At a second hearing five months later, Barron testified that she had obtained a part-time job that would enable her to keep attending school, but the trial court informed her that this was not good enough. The court ordered both parents to secure full-time work and added, “[I]f that means you quit school to get a job, so be it. You’ve got children to support, this is ridiculous for both of you.” The court’s order stated: “ComplianceCalWORKs insufficient. [Drivers’] licenses will be revoked if not working” (id.)
Barron Finds Counsel and Fights Back, Securing an Appellate Stay of the Order. The tide began to turn when Barron made her way into the San Jose offices of Bay Area Legal Aid. Now represented by BayLegal and the Western Center on Law and Poverty, Barron appealed the order, filed a petition for an appellate writ, and sought a stay, which the Court of Appeal granted.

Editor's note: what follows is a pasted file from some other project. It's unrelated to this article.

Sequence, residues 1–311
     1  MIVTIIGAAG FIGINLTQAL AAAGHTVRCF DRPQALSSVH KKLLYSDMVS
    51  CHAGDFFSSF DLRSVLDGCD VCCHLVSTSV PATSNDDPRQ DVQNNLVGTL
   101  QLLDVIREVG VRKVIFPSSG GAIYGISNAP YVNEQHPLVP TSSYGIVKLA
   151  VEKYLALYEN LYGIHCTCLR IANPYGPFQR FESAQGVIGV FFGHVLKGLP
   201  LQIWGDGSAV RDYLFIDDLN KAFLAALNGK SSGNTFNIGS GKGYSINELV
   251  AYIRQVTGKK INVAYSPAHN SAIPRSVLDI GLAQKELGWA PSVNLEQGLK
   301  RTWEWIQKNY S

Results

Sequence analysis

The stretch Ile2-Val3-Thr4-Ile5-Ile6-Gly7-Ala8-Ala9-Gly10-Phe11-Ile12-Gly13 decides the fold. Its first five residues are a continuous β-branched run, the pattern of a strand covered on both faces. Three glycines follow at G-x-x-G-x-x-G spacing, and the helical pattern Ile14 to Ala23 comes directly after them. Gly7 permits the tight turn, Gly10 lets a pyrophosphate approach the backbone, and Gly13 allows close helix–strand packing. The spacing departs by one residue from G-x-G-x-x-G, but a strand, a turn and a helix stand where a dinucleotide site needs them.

Court of Appeal Rules for Barron, Then Agrees to Publish Its Decision. With Barron out of immediate jeopardy, counsel began to focus efforts on securing a published appellate decision that would benefit other California welfare recipients facing similar problems. The issue was far from new. Twenty years earlier a San Diego family law court had issued similar orders to several recipients of Aid to Families with Dependent Children (AFDC), CalWORKs’ predecessor. The Court of Appeal in that case struck down the orders on due process grounds, reasoning that the recipients had not been given prior warning that they would be subject to seek-work orders (Anderson v. Superior Court, 213 Cal. App. 3d 1321, 1329–31 (1989)). A concurring opinion argued that the seek-work orders were invalid because they interfered with the AFDC statutory scheme (id. at 1332–37), but the author of that opinion conceded that this was only his “personal view of the applicable law,” not the holding of the case (id. at 1337 (Wiener, J., concurring)). Thus the issue remained unresolved, with anecdotal evidence that the problem kept recurring throughout the state.